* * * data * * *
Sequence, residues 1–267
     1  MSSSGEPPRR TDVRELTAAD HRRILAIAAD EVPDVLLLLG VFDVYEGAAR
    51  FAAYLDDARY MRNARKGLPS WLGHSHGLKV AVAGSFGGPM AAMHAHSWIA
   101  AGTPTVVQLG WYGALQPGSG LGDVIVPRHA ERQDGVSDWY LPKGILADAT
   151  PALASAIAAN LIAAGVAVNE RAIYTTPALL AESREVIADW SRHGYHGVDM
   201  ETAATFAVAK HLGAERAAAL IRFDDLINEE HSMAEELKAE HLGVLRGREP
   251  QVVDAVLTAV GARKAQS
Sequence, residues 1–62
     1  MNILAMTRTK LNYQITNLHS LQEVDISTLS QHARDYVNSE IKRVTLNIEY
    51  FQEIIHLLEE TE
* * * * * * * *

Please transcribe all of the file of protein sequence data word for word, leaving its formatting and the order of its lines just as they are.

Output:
Sequence, residues 1–267
     1  MSSSGEPPRR TDVRELTAAD HRRILAIAAD EVPDVLLLLG VFDVYEGAAR
    51  FAAYLDDARY MRNARKGLPS WLGHSHGLKV AVAGSFGGPM AAMHAHSWIA
   101  AGTPTVVQLG WYGALQPGSG LGDVIVPRHA ERQDGVSDWY LPKGILADAT
   151  PALASAIAAN LIAAGVAVNE RAIYTTPALL AESREVIADW SRHGYHGVDM
   201  ETAATFAVAK HLGAERAAAL IRFDDLINEE HSMAEELKAE HLGVLRGREP
   251  QVVDAVLTAV GARKAQS
Sequence, residues 1–62
     1  MNILAMTRTK LNYQITNLHS LQEVDISTLS QHARDYVNSE IKRVTLNIEY
    51  FQEIIHLLEE TE